Minnesota’s Lt. Governor endorses our state’s presence at COP23 and speaks to the state-level climate progress happening in the U.S., despite the federal government.
Yesterday, our delegates enjoyed meeting people from all over the world as they were welcomed by the traditional song and dance of Fiji during the COP23 opening ceremonies.
A key focus of COP23 – in addition to creating the rulebook for implementing the Paris Agreement – is to lay the groundwork for a successful Facilitative Dialogue in 2018. So, what is a Facilitative Dialogue and why is the planning happening now?
Back in Paris in 2015, world leaders agreed that they would assess their current climate action efforts in 2018 and use that analysis to create more ambitious goals. Each country in the Paris Agreement is responsible for submitting Nationally Determined Contributions (NDCs), or specific plans on how each nation will individually mitigate climate change, by 2020. The 2018 Facilitative Dialogue aims to encourage countries to commit to heightened contributions and provide a framework for the NDC check-ins that will occur every five years, starting in 2023.
As President of COP23, Fiji has proposed calling the Facilitative Dialogue the Talanoa Dialogue instead. In Fijian culture, talanoa means inclusive, participatory, and transparent, focusing on the collective goal.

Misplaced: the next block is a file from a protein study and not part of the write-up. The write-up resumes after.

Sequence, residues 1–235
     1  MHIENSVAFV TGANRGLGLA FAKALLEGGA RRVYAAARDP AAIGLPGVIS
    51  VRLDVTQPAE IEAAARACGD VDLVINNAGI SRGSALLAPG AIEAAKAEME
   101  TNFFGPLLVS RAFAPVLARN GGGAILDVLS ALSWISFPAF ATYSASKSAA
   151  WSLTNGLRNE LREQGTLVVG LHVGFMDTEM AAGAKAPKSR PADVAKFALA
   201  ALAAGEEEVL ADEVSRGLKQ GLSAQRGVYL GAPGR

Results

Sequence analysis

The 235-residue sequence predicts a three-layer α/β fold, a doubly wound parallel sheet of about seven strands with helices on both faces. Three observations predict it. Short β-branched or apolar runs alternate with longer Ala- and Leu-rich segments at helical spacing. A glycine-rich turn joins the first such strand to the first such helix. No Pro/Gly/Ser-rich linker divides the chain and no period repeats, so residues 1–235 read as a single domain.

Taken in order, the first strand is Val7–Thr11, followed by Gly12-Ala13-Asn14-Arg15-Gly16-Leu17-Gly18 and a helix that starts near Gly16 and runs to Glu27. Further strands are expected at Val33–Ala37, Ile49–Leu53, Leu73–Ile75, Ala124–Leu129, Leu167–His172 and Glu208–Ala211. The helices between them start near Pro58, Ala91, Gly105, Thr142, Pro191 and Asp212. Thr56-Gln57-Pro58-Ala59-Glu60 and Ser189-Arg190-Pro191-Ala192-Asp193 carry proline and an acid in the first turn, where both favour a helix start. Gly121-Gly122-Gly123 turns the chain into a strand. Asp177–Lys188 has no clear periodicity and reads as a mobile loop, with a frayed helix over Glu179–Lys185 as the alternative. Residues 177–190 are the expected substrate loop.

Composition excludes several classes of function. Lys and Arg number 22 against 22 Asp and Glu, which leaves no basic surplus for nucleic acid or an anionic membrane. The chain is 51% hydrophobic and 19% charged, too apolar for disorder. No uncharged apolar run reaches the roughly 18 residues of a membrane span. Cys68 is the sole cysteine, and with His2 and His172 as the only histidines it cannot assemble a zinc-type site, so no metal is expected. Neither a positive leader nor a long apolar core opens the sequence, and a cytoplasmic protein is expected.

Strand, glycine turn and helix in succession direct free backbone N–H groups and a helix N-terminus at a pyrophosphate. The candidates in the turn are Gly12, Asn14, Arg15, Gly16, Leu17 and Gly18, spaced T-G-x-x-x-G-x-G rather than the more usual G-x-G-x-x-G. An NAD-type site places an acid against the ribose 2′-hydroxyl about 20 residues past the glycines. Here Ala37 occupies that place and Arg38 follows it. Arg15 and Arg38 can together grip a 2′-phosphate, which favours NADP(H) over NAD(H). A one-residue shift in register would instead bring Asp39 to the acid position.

Fiji is the first Pacific island to lead COP – providing tremendous opportunity to represent the voices of those most impacted by climate change and to remind the world of the necessary urgency. Addressing climate change is a matter of survival for those living on Pacific Islands, and it is the hope of many that this sense of criticality will set the tone of the COP.
Today, Nov. 7th, is Indigenous People’s Day at COP23. There are more than 370 million indigenous people around the world, and with Fiji leading with urgency and the spirit of Talanoa this COP will amplify their historically marginalized place. The Pacific Climate Warriors, representing Fiji and other island nations, are facilitating negotiations alongside indigenous peoples from the Amazon Basin, Africa, and other regions of the world; and our own delegate, Aurora Conley, an Anishinabe from the Bad River Tribe on Lake Superior will act as a voice for indigenous people of “Turtle Island” and the struggles they bear in the face of climate change.
Climate Generation Delegation Blogs
You can also check out student blogs from youth delegates representing the School of Environmental Studies students at COP23.
Mark your calendar for the COP23 webcasts at 12 p.m. CST throughout the experience!
November 8: Click here to join the webinar to hear Cheryl, Espoir, and Ian talk about the first two days in Bonn.
November 9: Click here to join Leigh and Ellen’s webinar on energy policy and environmental law as solutions.
November 14: Click here to join the CLEAN (Climate Literacy) Network webinar featuring John and Adri.
November 15: Click here to join Minority Leader Melissa Hortman’s webinar on the presence of local U.S. government and leadership in Bonn.
November 16: Click here to join Aurora’s webinar as she discusses the role of Indigenous leaders and her climate action experience in Bonn.
Save the Date
Don’t miss our post-COP23 panel on November 27th, 12 to 1 p.m. CST, featuring representation from Governor Dayton’s office and our Minnesota delegates as they reflect on the Bonn Climate Talks. Attend in person or tune in digitally through our live webcast.
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